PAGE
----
Scarcities lead to innovation. Designers can work towards solving the problems resource depletion is causing. Dramatic changes should be further made as to how we use our resources. (Chapman and Mather 1995, pg16) The introduction of new ecological techniques within the textiles industry such as botanical dyes could decrease the effect harmful dyes have on the environment. Use of botanical material in its natural form for dyeing will deplete the stages at which harmful dyes are discarded after use. The dyes are made from renewable resources, which lead to an increasingly sustainable environment. It may not be plausible for the mass market at present to use these dyes although if independent designers chose this method over the conventional then it could encourage others to consider this technique at a later date.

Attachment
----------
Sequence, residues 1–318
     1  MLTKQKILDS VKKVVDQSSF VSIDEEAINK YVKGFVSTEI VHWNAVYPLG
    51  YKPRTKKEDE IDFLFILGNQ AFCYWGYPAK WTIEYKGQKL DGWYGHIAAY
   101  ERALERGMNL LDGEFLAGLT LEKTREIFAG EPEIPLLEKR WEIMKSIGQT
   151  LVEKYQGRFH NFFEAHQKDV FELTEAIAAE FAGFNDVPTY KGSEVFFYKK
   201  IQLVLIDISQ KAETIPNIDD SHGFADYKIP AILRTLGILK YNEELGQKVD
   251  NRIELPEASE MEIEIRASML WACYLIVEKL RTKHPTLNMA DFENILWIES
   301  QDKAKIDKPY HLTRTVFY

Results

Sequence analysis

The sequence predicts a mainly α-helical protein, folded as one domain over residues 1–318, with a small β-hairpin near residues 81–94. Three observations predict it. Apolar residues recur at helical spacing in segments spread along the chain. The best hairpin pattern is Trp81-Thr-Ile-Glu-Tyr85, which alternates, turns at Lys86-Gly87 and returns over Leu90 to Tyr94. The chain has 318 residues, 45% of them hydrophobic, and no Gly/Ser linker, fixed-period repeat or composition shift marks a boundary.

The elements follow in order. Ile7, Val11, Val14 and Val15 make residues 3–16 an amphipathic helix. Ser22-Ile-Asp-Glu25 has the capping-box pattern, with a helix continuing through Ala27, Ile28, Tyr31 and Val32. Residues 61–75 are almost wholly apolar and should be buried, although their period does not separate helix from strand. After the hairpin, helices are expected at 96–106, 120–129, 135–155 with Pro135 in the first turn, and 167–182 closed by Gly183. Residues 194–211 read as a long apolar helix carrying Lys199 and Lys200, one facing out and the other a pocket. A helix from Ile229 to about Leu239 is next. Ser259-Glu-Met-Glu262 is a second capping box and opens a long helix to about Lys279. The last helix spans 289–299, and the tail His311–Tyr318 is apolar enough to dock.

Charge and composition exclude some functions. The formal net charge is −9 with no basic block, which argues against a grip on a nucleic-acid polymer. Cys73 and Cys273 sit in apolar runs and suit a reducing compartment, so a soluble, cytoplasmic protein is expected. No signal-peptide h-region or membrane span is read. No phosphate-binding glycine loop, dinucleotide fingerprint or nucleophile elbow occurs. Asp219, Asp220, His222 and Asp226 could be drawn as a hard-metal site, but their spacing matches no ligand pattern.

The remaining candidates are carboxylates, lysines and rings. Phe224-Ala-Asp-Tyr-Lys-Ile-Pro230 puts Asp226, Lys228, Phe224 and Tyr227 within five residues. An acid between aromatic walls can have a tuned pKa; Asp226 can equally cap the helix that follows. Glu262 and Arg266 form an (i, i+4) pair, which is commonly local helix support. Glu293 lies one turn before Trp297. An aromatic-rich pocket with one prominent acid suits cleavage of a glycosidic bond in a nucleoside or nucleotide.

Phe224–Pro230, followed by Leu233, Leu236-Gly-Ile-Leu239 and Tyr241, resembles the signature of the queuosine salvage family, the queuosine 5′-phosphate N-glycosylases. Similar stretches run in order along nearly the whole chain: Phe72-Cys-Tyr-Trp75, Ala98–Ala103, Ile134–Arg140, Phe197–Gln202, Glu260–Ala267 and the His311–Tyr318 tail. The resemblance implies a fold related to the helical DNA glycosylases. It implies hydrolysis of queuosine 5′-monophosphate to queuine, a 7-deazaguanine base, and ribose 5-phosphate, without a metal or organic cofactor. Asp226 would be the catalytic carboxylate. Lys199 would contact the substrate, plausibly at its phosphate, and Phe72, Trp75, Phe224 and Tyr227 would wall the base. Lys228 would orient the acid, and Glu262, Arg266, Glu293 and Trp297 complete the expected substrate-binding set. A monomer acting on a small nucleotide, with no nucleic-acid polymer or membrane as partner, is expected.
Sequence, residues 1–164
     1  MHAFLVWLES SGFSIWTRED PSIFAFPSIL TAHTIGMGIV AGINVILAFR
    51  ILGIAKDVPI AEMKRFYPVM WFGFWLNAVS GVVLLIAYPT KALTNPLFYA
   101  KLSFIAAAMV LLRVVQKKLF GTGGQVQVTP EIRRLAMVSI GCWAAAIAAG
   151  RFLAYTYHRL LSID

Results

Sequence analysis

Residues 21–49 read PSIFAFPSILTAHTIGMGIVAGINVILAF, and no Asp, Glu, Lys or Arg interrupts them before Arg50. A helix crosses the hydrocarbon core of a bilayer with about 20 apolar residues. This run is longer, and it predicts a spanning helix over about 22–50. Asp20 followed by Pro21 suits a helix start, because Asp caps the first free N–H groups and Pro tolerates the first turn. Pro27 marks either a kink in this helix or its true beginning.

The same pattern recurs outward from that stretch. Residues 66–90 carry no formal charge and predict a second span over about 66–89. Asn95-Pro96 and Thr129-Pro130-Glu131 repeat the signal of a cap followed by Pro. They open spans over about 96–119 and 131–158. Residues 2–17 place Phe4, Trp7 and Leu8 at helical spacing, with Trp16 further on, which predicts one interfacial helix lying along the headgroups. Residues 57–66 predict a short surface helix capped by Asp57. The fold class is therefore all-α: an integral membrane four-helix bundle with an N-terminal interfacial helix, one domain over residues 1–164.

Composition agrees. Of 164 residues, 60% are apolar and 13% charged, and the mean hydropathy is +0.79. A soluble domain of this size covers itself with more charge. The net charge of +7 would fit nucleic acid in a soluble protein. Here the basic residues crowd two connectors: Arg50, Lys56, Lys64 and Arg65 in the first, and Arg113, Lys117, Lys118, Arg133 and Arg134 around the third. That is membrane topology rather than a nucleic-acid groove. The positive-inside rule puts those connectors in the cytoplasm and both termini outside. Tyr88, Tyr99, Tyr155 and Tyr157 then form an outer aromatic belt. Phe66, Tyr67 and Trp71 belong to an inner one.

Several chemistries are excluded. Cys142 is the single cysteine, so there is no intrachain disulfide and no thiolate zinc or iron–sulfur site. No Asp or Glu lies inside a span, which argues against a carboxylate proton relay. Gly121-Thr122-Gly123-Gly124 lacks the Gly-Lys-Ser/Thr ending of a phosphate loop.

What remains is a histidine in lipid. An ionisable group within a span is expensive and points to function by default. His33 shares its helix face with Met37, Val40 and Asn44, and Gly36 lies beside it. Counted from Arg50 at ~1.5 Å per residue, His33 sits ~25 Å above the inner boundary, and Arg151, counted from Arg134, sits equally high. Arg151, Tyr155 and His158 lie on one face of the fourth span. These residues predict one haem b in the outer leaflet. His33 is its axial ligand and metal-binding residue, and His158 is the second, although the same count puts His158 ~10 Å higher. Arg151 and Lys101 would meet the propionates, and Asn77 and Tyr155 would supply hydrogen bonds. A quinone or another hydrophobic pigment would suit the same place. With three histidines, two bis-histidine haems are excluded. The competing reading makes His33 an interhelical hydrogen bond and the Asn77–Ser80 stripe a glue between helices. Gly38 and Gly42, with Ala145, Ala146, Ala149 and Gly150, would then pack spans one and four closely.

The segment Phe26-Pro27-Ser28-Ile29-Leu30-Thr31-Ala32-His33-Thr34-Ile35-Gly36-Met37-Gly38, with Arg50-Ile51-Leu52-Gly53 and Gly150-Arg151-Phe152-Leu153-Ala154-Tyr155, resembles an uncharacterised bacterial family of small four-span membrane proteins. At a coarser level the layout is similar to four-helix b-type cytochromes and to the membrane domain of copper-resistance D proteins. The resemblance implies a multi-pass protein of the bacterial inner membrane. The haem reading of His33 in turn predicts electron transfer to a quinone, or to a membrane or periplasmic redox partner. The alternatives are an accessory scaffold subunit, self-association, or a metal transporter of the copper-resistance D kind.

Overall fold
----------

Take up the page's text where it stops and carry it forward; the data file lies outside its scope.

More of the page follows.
Eco Colour: Botanical Dyes for Beautiful Textiles, India Flint (Source : Amazon.co.uk)
Designers must realise that the resources our planet provides us with are not in any way unlimited. With this in mind, it is essential that we manage the distribution and use of these resources conservatively rather than to continue to take advantage of what we have at present.
Barbier, E.B, (1989), Economics, Natural Resource Scarcity and Development, Conventional and Alternative Views, London, Earthscan Publications Ltd
Chapman, K, Mather, A.S, (1995), Environmental Resources, Essex, Longman Group Ltd
Greenwood, T, ESP Design.org, Eco Sustainability, (n.d), http://www.espdesign.org/sustainability-definition/environmental-sustainability/ [accessed 4.10.10]